Charles Robertson, global chief economist at Renaissance Capital says the majority of business people in the West are not falling over themselves to invest in Africa. He discussed this and other issues with How we made it in Africa editor-in-chief Jaco Maritz.
Africa is currently attracting significant hype from certain quarters. As someone who’s based in the UK, how would you describe the interest from European companies to do business in the continent?
European businessmen are primarily focused firstly on Europe. Secondly, maybe on America. Thirdly, China. Fourthly, potentially other markets like Australia or India. Africa is not high on their agenda. And why? Because the whole continent of Africa’s GDP is under US$2 trillion – similar to Russia. So in terms of your world rankings of where you care about, Africa ranks low. And that $1.7 trillion of GDP in 2010 is split between over 50 countries. Each market in itself, except for South Africa, Nigeria and north Africa, is small. It is not easy to access and it takes a while for companies to begin to recognise the opportunities that are coming. In terms of getting new investments coming in, it is happening. You see Walmart buying Massmart so that they can get access to Sub-Saharan Africa. You see it in the telecoms world. Portfolio investors are getting more and more interested – people who buy equities and bonds. Africa is becoming something, which five years ago was ‘unknown’ and it is now ‘little-known’. And we are on our way to being quite ‘well-known’, but not yet. It takes time and the bigger these economies get, the more attention they will capture.
What are your thoughts regarding the continent’s business climate?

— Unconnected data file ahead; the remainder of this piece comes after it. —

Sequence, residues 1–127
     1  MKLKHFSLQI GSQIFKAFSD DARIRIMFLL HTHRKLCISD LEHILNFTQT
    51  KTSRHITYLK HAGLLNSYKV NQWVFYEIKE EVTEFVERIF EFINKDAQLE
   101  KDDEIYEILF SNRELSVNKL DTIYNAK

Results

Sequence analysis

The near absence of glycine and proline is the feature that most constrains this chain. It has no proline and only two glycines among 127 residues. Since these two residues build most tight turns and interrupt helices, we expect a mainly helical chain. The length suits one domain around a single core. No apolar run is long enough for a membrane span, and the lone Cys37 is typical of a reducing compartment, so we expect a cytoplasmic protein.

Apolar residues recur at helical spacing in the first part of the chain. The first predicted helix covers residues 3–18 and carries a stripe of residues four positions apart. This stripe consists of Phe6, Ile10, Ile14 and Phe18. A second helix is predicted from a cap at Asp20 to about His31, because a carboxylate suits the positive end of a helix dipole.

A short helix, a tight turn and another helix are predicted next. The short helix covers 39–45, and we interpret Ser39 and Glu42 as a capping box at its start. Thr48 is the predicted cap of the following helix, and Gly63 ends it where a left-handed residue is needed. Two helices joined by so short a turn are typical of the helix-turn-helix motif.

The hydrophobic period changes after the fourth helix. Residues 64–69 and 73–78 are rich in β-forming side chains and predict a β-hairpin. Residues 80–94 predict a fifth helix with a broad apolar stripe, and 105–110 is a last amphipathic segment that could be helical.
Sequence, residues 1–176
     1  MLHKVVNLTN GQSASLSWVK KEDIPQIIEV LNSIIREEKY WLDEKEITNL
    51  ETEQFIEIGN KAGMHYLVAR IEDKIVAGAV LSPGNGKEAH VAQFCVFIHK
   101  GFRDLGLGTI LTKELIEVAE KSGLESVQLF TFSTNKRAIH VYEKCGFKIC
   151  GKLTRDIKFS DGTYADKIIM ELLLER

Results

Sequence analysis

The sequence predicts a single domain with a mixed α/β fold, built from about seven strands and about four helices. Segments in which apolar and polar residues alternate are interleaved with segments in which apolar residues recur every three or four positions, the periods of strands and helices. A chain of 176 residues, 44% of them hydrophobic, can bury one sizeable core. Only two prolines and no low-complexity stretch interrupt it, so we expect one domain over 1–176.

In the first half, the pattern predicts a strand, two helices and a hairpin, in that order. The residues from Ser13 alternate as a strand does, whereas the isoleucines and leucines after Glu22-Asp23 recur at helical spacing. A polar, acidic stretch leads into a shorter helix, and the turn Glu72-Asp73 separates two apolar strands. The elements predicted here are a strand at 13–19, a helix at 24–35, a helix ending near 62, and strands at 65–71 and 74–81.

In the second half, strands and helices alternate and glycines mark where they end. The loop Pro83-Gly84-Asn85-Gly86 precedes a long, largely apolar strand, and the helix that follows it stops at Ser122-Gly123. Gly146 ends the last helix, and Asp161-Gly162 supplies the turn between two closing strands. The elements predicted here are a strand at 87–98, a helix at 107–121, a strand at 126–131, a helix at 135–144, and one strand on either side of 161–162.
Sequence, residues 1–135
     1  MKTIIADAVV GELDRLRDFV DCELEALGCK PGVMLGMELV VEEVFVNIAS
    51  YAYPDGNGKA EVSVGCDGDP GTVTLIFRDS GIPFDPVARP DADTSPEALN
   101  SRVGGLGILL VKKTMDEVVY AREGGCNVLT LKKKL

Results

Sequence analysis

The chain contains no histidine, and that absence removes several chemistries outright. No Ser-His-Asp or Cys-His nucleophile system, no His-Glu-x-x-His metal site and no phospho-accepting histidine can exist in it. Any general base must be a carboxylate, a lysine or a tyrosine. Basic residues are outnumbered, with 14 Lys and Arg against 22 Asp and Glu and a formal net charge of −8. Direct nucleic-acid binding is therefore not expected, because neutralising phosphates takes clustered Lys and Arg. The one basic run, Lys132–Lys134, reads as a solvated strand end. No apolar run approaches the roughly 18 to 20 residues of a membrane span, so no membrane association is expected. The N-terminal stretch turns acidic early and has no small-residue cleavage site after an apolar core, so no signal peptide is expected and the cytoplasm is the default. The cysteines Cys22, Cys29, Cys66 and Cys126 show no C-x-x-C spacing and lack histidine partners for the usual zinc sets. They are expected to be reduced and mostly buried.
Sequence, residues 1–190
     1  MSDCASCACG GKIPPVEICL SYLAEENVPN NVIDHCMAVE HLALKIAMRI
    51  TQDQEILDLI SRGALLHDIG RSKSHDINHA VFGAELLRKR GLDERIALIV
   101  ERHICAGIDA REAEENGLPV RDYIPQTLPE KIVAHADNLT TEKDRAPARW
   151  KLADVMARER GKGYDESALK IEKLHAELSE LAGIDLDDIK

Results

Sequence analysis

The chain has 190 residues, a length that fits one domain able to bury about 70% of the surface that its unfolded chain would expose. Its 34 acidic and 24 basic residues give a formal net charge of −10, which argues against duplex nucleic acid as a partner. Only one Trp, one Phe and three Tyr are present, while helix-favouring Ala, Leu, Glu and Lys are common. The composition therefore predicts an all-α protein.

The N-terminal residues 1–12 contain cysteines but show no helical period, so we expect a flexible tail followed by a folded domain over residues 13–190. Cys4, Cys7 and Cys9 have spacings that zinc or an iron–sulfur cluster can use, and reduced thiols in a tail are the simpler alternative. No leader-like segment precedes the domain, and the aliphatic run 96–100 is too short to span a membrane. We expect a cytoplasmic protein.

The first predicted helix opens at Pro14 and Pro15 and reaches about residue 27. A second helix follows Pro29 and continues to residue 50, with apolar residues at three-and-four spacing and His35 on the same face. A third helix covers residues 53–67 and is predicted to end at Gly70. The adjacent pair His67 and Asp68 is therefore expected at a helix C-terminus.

There are some examples of amazing progress – Rwanda is the most obvious. What they are showing is that it can be done in Africa. Governments in Africa can make it easier and easier to set-up businesses, to run businesses, to pay tax. And that I think is setting a very positive example for other countries. It is not being copied in every country. There are always going to be countries that choose a different route. But it is setting an example, which I think is helpful. I suspect it is not being recognised fully at the moment. A lot of surveys about Africa are done by people who don’t necessarily know of the country, but they might have an opinion on the country. It is quite different for those working and travelling there, who are seeing progress and seeing effort is being made and the successes being achieved.
In a recent research note you expressed some concerns about the Kenyan economy in the short-term. Why is this?
I think one of the positives in Kenya for the last few years was that banks have been lending a great deal of money. That has helped support fast growth. The difficulty is, when banks lend too much money you get a situation like what we are currently seeing in the West. In Kenya we are nowhere near that. But nonetheless, that level of borrowing has increased a lot in the last few years, and it is quite likely that some of the investments and some of the lending have not given the return on the borrowing that they should have done. Perhaps there has been a bit too much excitement about the real estate sector, for example. Banks today are going to cut back their lending in Kenya. Equity Bank just earlier this week raised the interest rate on the loans that they are giving. KCB is going to be cutting back on its lending as well. So there is going to be less loan growth in Kenya. And now in the next 12 months is when we might start to see some problems emerge, for example a fall in real estate prices, which have just been going up and up and up for years. It always becomes a bit of a shock when that stops happening. That can create a bit of short-term negativity.
You are, however, very optimistic about Nigeria . . .
I love countries that have low debt. And I get very worried by countries with high debt. Nigeria has got about the lowest external debt in the world. It has got an extremely low level of government debt and private sector debt is pretty small as well. In total, we are talking 40% to 50% of GDP is government and private sector debt in Nigeria. In the West it is 300%. Nigeria is under less threat from debts. This suggests there is scope for Nigerians to borrow again. They believe in investment and the growth story. That is something to be optimistic about.